THE DEFINITIVE ALBERT J. STERNE

DEFINITIVE ALBERTby Julie Bozza

Albert Sterne, forensics expert with the FBI, is so obnoxious on the surface that no-one bothers digging deeper. When he’s sent to Colorado to investigate what turns out to be the work of a serial killer he encounters Special Agent Fletcher Ash and they end up reluctantly joining forces to unravel the case. It’s only a matter of duty, though; it can’t be more, because Albert doesn’t do friendship – and he certainly doesn’t do love!

171,000 words/626 pages
£5.00

Publication 1 November 2010
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Amazon Kindle buy link here
Also available in paperback from the CreateSpace eStore and your regional Amazon

RAINBOW AWARDS 2011

Third equal in Best LGBT Mystery/Thriller category

“…if you want a very good psychological thriller, of the old fashioned type, I can fully recommend this one…”
Review by Elisa Rolle 22 February 2011

“Albert Sterne is without any doubt one of the most memorable characters I have ever “met” in the genre of mm romance…”
Review by Sirius at Dear Author 23 April 2013

“I loved the book and devoured it almost non-stop.”
Review by A.B. Gayle 1 July 2013

SAMPLE TEXT

“You looking to party?” the young man asked.

When Albert drew off his dark glasses, his com­ panion politely followed suit, tucking his own into the back pocket of his jeans. Albert considered the figure before him, stepping to one side for the full effect of the late-setting sun’s illumination: male, of primarily Hispanic background; eighteen or perhaps nineteen, which was getting old to be on the game; one-seventy, an inch taller than Albert; light brown and dark brown. Further than that: undernourished, and had been for months if not years; clothes old and torn, though fairly clean and assembled with a harmony of color; eyes too bright; demeanor anxious, assessing. Some might have considered the haunted expression romantic, those who thought fey meant something more whimsical than the tragedy of ‘fated to die’. But Albert was instead drawn by the spark of intelligent curiosity.

“If party is a euphemism for having sex,” Albert said, “then, yes, I do want to. Frankly, I have no idea why else I’d be approaching you.”

“Well, I don’t do cops.” Though he continued to hold Albert’s gaze in what seemed a challenge, rather than turn away.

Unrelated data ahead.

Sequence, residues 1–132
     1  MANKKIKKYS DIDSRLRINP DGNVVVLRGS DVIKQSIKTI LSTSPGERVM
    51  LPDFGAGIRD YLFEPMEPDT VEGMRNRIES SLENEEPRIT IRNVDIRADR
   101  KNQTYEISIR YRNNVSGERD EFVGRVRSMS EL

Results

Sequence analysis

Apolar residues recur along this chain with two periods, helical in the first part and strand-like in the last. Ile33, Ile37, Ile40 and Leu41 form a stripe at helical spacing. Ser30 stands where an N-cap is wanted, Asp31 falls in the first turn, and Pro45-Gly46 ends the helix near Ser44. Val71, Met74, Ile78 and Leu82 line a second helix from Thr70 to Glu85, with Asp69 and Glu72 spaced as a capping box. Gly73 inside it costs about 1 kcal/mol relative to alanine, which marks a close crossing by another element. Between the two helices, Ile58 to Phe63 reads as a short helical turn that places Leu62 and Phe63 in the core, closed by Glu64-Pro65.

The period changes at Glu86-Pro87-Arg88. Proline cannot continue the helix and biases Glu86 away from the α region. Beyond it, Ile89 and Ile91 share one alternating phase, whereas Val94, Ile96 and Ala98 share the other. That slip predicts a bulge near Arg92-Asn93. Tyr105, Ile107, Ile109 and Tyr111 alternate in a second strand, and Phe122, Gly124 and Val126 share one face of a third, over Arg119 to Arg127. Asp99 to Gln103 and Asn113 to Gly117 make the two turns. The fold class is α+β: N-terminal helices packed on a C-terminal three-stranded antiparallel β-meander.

“I’m not a cop, I’m federal, so the petty crime of prostitution is somewhat below my jurisdiction. Apart from which, I’m off-duty.”

The young man laughed humorlessly. “So you’re the first cop I’ve met who didn’t take the job home with him every night.”

“Are you interested in earning your drug money or not?”

The too-bright eyes sharpened. “Is that an accu­ sation?”

Albert heaved a sigh and feigned patience. “The Drug Enforcement Administration has jurisdiction over narcotics violations. I assure you I simply want to … party.”

After a long moment of parried stares, the younger man quirked a weary smile. “Then, G-man, I’m your boy.”

“Hardly. As opposed to most of your colleagues who would not have reached the age of consent in the most liberal of states.”

The smile turned to a frown, more deeply felt. “That a problem for you? Me being older, I mean.”

“Quite the opposite.”

“Fine. So where are we going?”

“I have a room at the Oberon.”

“Obviously a man of style.”

“Amazing,” Albert commented as he turned to walk beside the youngster. “A two-bit street brat capable of irony.”

“You think we’re all too stupid?”

“Whoring is hardly the career choice of an intel­ ligent person.”

“Yeah, well, that goes both ways – slumming it with the likes of me is hardly the most intelligent way of getting laid. But you enjoy the dirty end of town, huh?”

“Unfortunately, that rather depends on you.”

“That so,” the kid said flatly. He paced along at Albert’s side for a few minutes, silent, arms folded and shoulders huddled. The swift twilight descend­ ed, and the city seemed to breathe easier.

Now that he had the briefest chance to reflect, Albert found himself glad this was a man he was about to have sex with. He had considered himself bisexual ever since he was old enough to think the issue through, to realize all the implications of his sometimes wayward urges – but somehow it was reassuring right now that this was someone of his own gender.

When they reached the hotel entrance, the younger man came to an abrupt halt and cast a defiant glance at Albert. “Let’s talk money, princess.”

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